As everyone knows, when it comes to flogging raffle tickets, our 50-50 girls are the best. This scheme, in my opinion, is one of the SA’s true success stories. It allows us to raise funds for the Club, and allows us to raise our profile by the twice-yearly presentation of “the big cheque”.
So far this season, an incredible £10,000 has been donated to the Club.
My Promise: Our girls will keep up the good work, in all weathers and conditions, if you keep buying the renowned 50-50 tickets. Thank you.
The FA Cup
When I was younger, the FA Cup was sacrosanct. The semi-finals were played at Hillsborough and Villa Park, and it seemed like the whole world ground to a halt on cup final day as the entire focus of the planet was on the two teams competing at Wembley.
How times have changed.
Now, The FA have decreed (in their wisdom) that both semi-finals will be played at Wembley, as well as the final itself.
I realise that the building of the new Wembley stadium cost almost a billion pounds, and that the FA needs to recoup that money. However, for the average fan whose club does get to the final, then you’ve now got to stump up twice to go to London HA9.
For me, the magic of the FA cup final is substantially diluted in comparison to what it used to be.
At the time of writing, we now have four teams from the north of England having to bring their legions of supporters all the way to Wembley in order to compete in the semi-finals of the oldest football competition in the world.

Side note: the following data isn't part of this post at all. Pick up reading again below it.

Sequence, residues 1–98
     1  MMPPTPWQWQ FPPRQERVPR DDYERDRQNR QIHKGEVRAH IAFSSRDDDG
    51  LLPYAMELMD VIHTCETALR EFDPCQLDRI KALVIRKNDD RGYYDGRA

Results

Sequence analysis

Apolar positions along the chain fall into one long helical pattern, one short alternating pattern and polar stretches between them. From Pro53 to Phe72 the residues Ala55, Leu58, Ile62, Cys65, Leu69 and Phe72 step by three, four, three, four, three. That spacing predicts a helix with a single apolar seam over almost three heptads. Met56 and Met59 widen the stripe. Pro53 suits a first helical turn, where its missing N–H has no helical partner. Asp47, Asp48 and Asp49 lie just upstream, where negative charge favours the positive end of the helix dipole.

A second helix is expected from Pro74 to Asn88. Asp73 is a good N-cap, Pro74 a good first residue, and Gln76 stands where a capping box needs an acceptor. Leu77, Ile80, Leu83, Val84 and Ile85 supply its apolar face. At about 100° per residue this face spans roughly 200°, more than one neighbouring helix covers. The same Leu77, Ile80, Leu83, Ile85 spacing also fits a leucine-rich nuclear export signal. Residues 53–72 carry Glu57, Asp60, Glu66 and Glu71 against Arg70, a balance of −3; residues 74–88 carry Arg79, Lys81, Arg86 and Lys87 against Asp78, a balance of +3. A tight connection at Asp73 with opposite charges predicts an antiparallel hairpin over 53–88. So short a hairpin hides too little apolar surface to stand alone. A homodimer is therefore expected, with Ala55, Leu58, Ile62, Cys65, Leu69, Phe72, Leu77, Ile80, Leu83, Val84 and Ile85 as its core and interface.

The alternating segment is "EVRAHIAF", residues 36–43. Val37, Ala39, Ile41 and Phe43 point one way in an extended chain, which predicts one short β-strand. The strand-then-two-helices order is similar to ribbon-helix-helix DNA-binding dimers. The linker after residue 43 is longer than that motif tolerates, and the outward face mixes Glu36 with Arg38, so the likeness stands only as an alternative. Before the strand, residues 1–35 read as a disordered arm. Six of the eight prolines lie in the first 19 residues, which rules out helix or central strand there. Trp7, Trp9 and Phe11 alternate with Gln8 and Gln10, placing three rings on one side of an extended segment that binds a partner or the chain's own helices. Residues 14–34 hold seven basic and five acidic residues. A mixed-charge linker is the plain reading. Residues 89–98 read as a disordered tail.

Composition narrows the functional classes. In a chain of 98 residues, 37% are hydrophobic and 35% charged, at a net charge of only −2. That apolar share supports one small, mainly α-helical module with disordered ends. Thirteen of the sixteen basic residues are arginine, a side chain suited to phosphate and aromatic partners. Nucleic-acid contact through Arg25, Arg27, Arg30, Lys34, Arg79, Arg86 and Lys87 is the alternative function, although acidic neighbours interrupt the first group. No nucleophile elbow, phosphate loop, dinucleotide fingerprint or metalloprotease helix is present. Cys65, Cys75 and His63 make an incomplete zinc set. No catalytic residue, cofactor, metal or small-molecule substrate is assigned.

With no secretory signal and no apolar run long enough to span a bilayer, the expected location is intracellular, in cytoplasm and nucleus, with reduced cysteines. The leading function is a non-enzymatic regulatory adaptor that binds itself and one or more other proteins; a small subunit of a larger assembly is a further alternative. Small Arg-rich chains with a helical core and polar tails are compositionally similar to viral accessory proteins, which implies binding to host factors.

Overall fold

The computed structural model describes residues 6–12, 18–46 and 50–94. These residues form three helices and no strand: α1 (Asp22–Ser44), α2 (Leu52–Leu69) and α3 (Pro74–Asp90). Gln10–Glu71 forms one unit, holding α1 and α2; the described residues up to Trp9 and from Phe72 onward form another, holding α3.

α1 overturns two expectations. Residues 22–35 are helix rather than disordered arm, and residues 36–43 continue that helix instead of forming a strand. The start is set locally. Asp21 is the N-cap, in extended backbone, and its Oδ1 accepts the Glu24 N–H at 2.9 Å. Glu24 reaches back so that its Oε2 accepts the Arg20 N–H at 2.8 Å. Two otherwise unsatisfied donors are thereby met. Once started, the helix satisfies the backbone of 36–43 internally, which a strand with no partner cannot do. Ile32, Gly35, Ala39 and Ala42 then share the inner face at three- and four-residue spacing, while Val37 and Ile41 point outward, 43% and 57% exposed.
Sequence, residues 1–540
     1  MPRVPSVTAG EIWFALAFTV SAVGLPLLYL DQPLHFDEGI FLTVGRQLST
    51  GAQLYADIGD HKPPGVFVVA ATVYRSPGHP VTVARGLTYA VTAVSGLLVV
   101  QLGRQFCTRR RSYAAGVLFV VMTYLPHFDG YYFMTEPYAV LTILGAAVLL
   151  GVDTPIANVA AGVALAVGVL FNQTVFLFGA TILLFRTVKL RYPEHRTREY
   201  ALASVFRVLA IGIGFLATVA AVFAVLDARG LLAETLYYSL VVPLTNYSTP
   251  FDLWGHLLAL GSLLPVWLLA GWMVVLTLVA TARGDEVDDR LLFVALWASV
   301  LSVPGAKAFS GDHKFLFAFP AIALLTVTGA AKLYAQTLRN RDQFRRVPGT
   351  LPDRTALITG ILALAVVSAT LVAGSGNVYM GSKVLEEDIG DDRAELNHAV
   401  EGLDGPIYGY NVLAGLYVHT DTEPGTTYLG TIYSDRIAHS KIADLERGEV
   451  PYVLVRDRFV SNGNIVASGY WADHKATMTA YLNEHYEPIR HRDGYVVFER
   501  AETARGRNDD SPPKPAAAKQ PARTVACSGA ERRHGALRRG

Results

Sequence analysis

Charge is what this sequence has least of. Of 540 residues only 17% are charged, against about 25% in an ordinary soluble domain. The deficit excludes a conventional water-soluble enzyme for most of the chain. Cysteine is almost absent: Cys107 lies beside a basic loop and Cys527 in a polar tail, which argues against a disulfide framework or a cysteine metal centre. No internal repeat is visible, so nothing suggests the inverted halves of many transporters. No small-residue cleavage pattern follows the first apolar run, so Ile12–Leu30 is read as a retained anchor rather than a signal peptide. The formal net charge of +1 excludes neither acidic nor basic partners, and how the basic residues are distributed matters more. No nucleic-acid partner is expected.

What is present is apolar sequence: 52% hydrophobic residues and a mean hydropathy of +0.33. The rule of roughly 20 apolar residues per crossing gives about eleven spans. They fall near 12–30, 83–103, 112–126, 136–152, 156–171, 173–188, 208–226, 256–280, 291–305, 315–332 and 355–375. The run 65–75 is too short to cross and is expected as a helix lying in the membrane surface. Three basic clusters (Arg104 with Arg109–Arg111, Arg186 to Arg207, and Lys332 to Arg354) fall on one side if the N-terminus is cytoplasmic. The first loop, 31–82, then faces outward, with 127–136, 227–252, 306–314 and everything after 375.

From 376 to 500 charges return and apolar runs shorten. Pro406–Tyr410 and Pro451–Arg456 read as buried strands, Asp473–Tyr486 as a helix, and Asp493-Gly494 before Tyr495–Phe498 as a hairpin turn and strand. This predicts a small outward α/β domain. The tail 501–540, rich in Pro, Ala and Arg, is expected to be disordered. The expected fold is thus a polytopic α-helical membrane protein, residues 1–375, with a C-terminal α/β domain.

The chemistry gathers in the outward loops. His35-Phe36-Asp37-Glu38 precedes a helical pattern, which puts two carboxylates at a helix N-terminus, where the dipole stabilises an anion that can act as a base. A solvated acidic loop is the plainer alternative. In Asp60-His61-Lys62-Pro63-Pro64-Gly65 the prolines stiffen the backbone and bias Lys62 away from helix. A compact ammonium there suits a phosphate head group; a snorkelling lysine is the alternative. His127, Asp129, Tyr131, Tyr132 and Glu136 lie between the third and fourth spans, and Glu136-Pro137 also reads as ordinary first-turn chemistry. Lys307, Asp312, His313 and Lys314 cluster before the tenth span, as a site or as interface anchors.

Where is the FA’s concern regarding Co2 emissions? What is the FA’s Environmental Policy? Well, I don’t think it has one – certainly not readily available on its web-site anyway.
Having the FA Cup semi-finals at Wembley sends out a clear statement that all the FA is really concerned about – is its finances…
Now get this, I note that the Premier League have decided to allocate seven fixtures on May 14th, – the very same day as the FA Cup Final ! Why?
My personal view is that this is an act of contempt by the Premier League. I echo the views of Radio 5’s Alan Green – my inspiration for this article.
Do the higher authorities which control our national game ever stop to consider the average fan? Do they take individual supporters views into account when they impose such unpalatable decisions upon us?
There is much to be said for the relationships between clubs and their supporters at the lower ends of the football league. Generally there is respect from both sides. However, in the Premiership, it is my volition that there are no fans, – only customers.
Football Supporters Federation
On Sunday February 27th, I went down to Kingsmeadow in Kingston for a meeting of the Football Supporters Federation (FSF). I was responding to a personal invitation from Nina Donkin, the FSF’s Administration Officer, and attended in my capacity as Chairman of the Stevenage SA.
Here I met a number of like-minded colleagues representing clubs such as QPR, Crystal Palace, Fulham, AFC Wimbledon, Watford, Gillingham, Norwich, Sunderland, Stoke, Brighton, Norwich, Reading, Doncaster, Hartlepool, Portsmouth, and Leyton Orient.
Not knowing what to expect, I was warmly received and found the proceedings very amicable. A report was received from Pam Wilkins (Southern Division Chair – and Portsmouth’s rep), followed by various officers reports.
Brief discussions took place, including:
• Karen Murphy, a landlady being challenged by Sky TV for showing Premier League games transmitted via a Greek supplier
• Parliamentary Select Committee looking at various aspect of the state of the game and its finances
• AFC Wimbledon’s recent survey findings re: trust members, season ticket holders, and regular/casual fans